In the space inside a computer chip, where electricity becomes information, there's a scientific frontier. The same frontier can be found inside a cell, where information instead takes the form of chemical concentrations. Recent breakthroughs in the field of nonequilibrium statistical physics have revealed vast areas of research lying hidden within the "thermodynamics of computation." Advances in this field, which involves elements of statistical physics, computer science, cellular biology, and possibly even neurobiology, could have far-reaching consequences for how we understand, and engineer, our computers. To kick-start this line research, Santa Fe Institute scientists and their collaborators have launched an online wiki for collaboration. This week they also published a paper that neatly summarizes recent advances and open questions that pertain to thermodynamics and computation.
"The thermodynamic restrictions on all systems that perform computation provide major challenges to the modern design of computers," the researchers write in the opening paragraph of the wiki, designed to "serve as a hub and a gathering place for all who are interested." They go on to outline the magnitude of energy consumed by computers and the engineering challenges that result when a portion of that energy is lost as waste heat. The wiki also compares natural computations, performed by cells or human brains, to artificial computations, which are markedly less efficient.
The research picks up on work by Rolf Landauer, who in 1961 postulated that in order to erase a single bit of information -- a 1 or a 0 -- a certain amount of energy must be lost as heat. Landauer's insight is well known to computer scientists and has led to an informal maxim to avoid bit erasure whenever possible.
Going beyond Landauer's cost, the new paper tries to convey that "there's more to the thermodynamics of computation than just bit erasure," says co-author Joshua Grochow of the University of Colorado Boulder. The paper, published in the computer science newsletter SIGACT News, presents additional factors that could affect how energy flows in and out of atoms during a computation.
To reach other scientists who might be interested in pursuing a thermodynamics of computation, Grochow and co-author David Wolpert of the Santa Fe Institute catalog some of the new tools from statistical physics that apply to nonequilibrium systems -- like computers.
"Part of what we are trying to do with this paper is package up the lessons from nonequilibrium statistical [physics] over the past 20 years in a way that makes clear what the new computational questions are," Grochow explains. He hopes that by presenting what is now known about the relationship between thermodynamics and the microscopic processes that occur during computation, the paper will "entice computer scientists to work on a new generation of questions."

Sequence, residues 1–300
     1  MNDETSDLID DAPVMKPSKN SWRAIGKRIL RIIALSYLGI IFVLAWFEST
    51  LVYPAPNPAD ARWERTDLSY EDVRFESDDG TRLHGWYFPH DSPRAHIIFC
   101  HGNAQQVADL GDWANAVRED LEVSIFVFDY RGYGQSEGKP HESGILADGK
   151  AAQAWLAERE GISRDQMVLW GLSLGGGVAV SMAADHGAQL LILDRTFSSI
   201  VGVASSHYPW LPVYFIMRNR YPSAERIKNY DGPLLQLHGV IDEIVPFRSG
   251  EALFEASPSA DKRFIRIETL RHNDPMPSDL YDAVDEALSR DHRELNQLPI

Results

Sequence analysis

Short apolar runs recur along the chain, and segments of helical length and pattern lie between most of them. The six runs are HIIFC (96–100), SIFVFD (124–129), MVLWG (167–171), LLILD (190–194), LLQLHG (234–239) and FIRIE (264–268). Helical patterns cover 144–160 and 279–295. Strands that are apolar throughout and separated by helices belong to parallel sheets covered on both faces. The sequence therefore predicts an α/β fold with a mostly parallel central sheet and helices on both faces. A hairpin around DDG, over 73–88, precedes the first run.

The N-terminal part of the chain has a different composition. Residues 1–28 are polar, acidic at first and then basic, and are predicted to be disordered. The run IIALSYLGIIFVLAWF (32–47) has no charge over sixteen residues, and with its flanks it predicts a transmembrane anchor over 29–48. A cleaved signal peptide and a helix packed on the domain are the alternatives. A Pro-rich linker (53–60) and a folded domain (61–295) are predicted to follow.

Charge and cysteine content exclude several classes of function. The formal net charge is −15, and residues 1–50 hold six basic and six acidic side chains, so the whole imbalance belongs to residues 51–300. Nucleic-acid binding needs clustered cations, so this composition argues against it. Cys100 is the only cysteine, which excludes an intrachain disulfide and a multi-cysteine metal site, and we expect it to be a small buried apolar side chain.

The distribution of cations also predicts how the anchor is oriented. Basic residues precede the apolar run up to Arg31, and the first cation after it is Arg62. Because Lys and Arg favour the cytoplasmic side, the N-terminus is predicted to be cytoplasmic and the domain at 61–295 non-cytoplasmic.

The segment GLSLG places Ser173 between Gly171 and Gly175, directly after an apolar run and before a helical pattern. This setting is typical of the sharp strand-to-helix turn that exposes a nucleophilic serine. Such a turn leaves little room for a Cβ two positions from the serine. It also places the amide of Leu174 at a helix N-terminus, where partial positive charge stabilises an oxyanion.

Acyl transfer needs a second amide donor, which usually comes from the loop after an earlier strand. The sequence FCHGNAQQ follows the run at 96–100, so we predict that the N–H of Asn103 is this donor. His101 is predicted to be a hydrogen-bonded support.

One of these questions involves how to thermodynamically "tune" computers to the inputs they are most likely to encounter. Grochow gives the example of a calculator that is thermodynamically optimized for random 32-bit string inputs (equivalent to a decimal value of 10 digits). The majority of human users don't enter inputs that require any of the higher bits. If the calculator were re-engineered to "expect" fewer than 32 bits, would it waste less energy in the form of heat?
Beyond the accuracy of a computation, Grochow says the amount of memory a computation requires and how long the computation takes are other aspects that could affect its thermodynamic efficiency.
Wolpert hopes their research will expand to incorporate other recent breakthroughs from statistical physics, like the Jarzynski equation. This equation provides a probabilistic bridge between the macro-scale world, where entropy can only increase, and the micro-scale world, where it does not. Some computer transistors are tiny enough to exist between these macro and micro scales.
"We're extending computer science theory, which was originally motivated by real-world systems, to other aspects of those systems that it never even knew to think about before," says Wolpert.
The theory could lead to engineering advances that would enable cooler, more powerful machines, like exascale computers and even tiny swarm robots. It could also impact the sustainability of computing technology.
"Computers now use a non-trivial fraction of energy in first world countries," says Grochow. "Given that computing is going to continue to grow, reducing the energy they consume is hugely important to reducing our overall energy footprint."